Government facing Dail vote on post office aid

Minister defends closures as Fianna Fail outlines ‘grave concerns’ for rural areas

Communications Minister Denis Naughten. Photo: Tom Burke
Communications Minister Denis Naughten. Photo: Tom Burke

The Government will be forced into a Dail vote on providing financial support to rural post offices.

Fianna Fail wants the network to adopt a model similar to the UK where Post Office Ltd is obliged to maintain services over a larger network than would be commercially viable. This is facilitated with government funding.

A Dail vote before the next Budget will also call on the Government to advertise new postmaster contracts, appropriate to each area, in communities where postmasters are retiring.

Communications Minister Denis Naughten has defended the closure of 159 rural post offices. He told the Sunday Independent the entire network was five months from going under before the Government took action in 2016.

“There is nobody more aware of the needs of people in rural Ireland than I am,” he said. “I come from one of the most rural constituencies in the country and I fully understand the impact declining business and customer footfall is having on the post office network.”

He said restructuring has been key to maintaining the post office network. This included expanding operations to a six-week service and raising the cost of stamps to €1.

“An Post was within five months of going under with the loss of thousands of jobs and the complete shut-down of the postal service and network.

“Under the protocol that I sought and which was agreed between the Irish Postmasters Union and An Post, if a postmaster does not want to continue to provide a service and avails of a voluntary severance package then any retailer or business within that community can apply to take up the post office services but if not, the business would be transferred to the nearest post office.”

The national mail carrier said it was open to engaging with shops and businesses in the 159 rural towns and villages if they were willing to offer An Post services.

A spokeswoman for An Post said viable commercial proposals will be fully considered.

It comes as Galway TD Sean Canney, who supports the Government on key votes and budgetary matters, told the Sunday Independent he will question Taoiseach Leo Varadkar about the closures at a meeting next week.

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“Where we have our existing post offices, the public needs to support them. There is a change in how we do business in this country and that is a challenge for post offices.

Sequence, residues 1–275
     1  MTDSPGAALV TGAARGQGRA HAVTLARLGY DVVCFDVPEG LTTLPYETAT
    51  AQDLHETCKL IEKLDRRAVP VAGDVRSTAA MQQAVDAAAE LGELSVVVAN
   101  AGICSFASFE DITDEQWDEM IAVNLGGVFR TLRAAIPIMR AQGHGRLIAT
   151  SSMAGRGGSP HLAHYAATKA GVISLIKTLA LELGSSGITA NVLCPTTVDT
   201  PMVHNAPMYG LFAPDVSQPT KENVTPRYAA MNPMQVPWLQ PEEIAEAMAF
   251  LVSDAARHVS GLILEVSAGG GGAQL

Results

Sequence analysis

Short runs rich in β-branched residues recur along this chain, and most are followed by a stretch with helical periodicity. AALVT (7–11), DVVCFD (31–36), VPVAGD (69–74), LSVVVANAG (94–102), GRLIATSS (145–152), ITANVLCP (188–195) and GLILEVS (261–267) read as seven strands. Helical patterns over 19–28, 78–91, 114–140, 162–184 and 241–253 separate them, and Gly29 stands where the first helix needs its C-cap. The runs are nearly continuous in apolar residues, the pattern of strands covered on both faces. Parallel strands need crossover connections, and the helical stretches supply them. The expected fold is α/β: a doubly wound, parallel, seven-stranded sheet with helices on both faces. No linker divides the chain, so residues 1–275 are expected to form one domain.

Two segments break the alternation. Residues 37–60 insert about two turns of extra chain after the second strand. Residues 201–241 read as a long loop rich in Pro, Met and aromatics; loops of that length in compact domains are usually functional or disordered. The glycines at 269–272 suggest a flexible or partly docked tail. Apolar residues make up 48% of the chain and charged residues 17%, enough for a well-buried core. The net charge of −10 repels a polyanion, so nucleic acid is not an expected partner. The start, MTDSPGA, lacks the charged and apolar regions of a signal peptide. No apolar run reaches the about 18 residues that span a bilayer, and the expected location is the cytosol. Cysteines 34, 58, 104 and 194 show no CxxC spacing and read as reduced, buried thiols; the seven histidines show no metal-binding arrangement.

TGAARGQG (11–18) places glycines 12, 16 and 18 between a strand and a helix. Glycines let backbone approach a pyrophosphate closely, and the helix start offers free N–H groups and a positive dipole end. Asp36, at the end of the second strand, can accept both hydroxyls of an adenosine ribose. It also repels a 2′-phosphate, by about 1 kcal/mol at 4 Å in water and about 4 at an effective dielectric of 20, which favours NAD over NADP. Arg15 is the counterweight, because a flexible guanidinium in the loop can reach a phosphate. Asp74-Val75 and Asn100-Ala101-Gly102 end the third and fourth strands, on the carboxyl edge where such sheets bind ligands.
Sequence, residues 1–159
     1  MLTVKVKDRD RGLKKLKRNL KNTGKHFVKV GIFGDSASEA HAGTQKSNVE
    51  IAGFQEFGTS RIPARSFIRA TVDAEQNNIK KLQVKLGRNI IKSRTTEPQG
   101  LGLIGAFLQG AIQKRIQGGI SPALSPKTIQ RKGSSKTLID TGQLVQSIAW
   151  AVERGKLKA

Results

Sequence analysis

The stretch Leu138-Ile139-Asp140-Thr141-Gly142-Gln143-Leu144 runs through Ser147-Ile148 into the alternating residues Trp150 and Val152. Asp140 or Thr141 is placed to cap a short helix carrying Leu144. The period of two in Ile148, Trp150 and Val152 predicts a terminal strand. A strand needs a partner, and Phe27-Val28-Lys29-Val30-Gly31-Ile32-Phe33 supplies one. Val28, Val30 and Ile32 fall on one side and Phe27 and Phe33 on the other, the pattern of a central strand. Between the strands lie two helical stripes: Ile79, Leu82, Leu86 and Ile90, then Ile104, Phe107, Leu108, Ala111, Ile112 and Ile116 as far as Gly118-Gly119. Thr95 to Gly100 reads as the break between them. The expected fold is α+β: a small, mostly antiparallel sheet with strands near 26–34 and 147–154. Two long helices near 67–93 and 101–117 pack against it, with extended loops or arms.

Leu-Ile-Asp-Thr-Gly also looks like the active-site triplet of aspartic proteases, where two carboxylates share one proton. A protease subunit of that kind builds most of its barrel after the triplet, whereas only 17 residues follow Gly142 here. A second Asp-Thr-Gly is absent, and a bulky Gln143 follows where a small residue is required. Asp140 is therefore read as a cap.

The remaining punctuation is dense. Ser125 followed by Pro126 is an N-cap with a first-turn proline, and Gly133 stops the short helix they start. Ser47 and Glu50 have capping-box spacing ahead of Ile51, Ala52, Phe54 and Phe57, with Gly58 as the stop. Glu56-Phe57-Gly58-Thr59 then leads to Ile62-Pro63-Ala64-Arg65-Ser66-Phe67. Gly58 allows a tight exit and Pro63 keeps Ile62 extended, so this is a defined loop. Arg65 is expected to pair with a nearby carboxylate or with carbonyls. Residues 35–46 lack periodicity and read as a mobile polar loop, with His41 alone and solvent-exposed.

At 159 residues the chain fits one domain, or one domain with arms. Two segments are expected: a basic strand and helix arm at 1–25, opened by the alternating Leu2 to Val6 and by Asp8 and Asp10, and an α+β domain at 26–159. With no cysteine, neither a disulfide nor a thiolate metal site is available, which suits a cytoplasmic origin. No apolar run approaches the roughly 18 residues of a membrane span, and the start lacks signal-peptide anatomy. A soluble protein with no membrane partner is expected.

“I will be raising the issue with the Taoiseach at my next meeting and I have also spoken to Minister Naughten.”

Meanwhile, it is the Dail vote that will be of most concern to Government. Clare TD Dr Michael Harty has threatened to pull his support for the Government if plans to close post offices continue. He has called for community banking services to be made available to rural communities via An Post outlets.

The Fianna Fail motion which will be voted on when TDs return to Leinster House later this month calls on the Government to ensure everyone has access to post offices, to roll out new services and prevent the loss of post offices in rural communities.

It will also call on TDs to recognise that previous schemes reducing post office numbers were based on population decline and labelled the current closures a “premeditated programme to reduce the number of post offices in rural areas”.

However, An Post has committed to opening five new post offices in areas where the population has increased.

Fianna Fail’s communications spokesman Timmy Dooley wrote to Mr Naughten last week outlining his “grave concerns” for rural areas affected by the closures.

“The retention criteria being advanced, of a Post Office for every village with a population over 500 and within 15km of citizens, is unacceptable and if implemented would place an intolerable burden on many people including the older and more vulnerable members of rural communities that have already suffered service loss of Garda Stations and smaller schools during the economic downturn,” Mr Dooley wrote.

Sunday Independent

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